Imbibing Blake

Yesterday I went on a research trip to Manchester’s Brew Dog Bar. Actually, if I’m honest, I didn’t anticipate that this was going to be a research trip, but upon arrival, according to my usual custom, I squinted at the blackboard for a name I’ve never seen before (I always forget that I need my glasses for beer selection), and spotted “Vagabond Pilsner.”

If this name isn’t a reference to Blake, it should be; his poem “The Little Vagabond” contrasts the cold church with the “healthy & pleasant & warm” ale-house.

Brew Dog’s philosophy is quite Blakean in many respects. It is a craft brewery which has its genesis in the dissatisfaction of the founders with industrially brewed beer, echoing Blake’s rebellion against the industrial revolution and the commercialisation of the art market in his time. And just as Blake expresses his ideas with prophetic zeal, so Brew Dog professes to have a “mission…to make other people as passionate about great craft beer as we are” (source: Brew Dog’s website).  Also, like Blake, Brew Dog are not afraid to be controversial, although I think they risk being (unashamedly) gimmicky, which I would like to think Blake was not (though some have suggested that Blake cultivated an über-eccentric persona).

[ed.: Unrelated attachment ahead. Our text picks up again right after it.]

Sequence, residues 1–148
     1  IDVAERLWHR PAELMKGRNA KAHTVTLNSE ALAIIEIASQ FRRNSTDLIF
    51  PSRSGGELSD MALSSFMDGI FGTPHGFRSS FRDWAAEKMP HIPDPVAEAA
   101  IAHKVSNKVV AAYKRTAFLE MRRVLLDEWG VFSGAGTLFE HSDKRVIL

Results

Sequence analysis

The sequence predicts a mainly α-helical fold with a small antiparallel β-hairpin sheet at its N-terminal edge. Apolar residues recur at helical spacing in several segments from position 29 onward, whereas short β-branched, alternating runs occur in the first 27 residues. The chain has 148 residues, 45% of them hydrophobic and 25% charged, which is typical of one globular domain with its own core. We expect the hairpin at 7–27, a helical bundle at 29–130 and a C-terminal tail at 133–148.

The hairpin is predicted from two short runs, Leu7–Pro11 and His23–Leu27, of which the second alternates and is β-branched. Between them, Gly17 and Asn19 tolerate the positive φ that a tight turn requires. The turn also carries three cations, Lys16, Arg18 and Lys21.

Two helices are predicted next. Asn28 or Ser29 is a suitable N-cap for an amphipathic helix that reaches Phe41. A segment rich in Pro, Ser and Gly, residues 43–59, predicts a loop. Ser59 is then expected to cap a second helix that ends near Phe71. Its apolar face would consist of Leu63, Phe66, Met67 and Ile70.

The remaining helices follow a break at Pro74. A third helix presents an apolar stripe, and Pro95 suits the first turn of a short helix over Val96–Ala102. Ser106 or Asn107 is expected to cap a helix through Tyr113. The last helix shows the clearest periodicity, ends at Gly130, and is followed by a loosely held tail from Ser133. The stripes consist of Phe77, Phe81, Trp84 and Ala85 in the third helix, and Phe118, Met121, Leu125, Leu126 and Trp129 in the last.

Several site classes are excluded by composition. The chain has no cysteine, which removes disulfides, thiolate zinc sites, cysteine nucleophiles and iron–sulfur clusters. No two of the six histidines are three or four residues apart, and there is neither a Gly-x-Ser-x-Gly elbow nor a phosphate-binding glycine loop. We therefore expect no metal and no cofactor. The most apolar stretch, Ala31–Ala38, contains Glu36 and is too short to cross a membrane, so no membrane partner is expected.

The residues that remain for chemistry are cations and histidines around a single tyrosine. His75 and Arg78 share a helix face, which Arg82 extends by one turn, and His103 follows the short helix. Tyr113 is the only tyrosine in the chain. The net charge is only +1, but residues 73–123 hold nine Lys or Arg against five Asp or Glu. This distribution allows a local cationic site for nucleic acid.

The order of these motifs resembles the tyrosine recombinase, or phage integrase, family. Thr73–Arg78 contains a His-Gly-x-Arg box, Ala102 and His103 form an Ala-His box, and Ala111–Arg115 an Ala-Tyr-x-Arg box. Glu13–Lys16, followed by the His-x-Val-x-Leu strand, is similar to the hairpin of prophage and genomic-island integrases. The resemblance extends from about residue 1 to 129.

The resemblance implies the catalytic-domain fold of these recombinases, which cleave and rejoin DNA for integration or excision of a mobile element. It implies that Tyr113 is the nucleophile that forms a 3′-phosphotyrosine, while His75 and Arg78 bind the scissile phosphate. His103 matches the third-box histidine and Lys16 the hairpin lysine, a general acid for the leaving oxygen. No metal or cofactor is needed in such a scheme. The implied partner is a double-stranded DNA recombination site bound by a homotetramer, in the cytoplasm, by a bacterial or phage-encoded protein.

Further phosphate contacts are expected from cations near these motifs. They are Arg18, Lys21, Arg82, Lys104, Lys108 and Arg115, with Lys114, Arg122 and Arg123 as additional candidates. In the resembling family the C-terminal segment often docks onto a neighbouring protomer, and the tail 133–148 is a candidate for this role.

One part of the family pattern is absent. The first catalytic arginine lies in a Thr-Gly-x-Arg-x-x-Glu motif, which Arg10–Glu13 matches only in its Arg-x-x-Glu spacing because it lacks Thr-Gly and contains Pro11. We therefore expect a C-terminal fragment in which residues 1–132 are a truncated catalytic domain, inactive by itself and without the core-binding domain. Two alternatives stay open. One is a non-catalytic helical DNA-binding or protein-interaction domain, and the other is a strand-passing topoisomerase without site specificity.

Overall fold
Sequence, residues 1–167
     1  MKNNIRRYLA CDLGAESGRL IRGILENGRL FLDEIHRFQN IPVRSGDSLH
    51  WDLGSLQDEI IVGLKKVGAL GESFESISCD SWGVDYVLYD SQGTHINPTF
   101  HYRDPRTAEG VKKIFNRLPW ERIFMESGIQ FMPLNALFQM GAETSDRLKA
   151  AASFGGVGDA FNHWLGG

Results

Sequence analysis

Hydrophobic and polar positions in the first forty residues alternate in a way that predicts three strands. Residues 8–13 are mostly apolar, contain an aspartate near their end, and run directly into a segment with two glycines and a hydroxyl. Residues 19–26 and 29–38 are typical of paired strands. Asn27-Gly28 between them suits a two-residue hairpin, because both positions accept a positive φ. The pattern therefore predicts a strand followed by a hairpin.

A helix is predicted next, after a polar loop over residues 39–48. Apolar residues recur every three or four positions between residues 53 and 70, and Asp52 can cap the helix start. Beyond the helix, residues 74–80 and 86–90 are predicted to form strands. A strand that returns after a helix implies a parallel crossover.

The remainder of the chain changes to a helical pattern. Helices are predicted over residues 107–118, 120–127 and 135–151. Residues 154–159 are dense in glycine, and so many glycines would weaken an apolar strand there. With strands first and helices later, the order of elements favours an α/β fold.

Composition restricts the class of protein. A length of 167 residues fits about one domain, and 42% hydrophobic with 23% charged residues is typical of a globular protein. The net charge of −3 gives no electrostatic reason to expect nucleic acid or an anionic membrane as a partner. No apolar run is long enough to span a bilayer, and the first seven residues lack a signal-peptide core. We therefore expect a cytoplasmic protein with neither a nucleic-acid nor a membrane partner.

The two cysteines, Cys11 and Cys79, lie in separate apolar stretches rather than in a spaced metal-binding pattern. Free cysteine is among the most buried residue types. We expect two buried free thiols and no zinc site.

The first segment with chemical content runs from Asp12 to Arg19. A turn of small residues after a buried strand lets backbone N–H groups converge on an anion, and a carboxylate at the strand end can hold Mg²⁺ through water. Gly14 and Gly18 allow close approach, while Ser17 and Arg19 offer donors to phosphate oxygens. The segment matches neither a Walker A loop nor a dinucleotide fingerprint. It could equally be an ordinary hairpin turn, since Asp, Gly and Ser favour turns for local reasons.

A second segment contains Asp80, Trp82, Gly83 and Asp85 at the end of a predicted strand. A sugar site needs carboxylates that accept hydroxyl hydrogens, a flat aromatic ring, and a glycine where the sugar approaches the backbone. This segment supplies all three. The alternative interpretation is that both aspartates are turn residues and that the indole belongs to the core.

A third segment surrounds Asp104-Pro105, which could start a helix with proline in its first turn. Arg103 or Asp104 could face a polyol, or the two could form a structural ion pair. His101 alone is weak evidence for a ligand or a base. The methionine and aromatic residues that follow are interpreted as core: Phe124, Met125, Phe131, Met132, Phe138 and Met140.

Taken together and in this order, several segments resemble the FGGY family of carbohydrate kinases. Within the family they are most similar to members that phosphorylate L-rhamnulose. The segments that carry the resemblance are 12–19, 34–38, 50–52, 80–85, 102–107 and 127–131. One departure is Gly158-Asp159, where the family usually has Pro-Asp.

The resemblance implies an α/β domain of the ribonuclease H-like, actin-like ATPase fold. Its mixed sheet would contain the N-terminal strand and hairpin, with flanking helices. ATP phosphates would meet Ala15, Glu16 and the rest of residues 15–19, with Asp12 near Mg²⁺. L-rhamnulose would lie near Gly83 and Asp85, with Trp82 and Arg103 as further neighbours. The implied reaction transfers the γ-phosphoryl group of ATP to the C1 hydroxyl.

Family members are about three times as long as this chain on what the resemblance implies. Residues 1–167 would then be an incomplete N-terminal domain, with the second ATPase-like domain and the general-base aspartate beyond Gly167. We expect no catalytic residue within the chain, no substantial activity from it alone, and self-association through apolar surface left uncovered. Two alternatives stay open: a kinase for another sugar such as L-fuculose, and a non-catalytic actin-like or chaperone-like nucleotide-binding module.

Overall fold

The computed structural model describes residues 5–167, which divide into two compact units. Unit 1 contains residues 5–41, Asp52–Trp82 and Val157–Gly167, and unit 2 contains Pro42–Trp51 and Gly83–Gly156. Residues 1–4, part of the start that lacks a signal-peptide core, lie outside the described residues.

I know of another Blakean beer, Bombardier’s “Burning Gold” which takes its name from one of Blake’s most famous verses, calling itself “a tribute to all that is celebrated in English beer.” Maybe there are more Blakean brews out there — notes on a postcard please — what I would really like is to find one with a Blakean crown cork to add to my collection (which might almost trump my ongoing search for one with an “NB” monogram).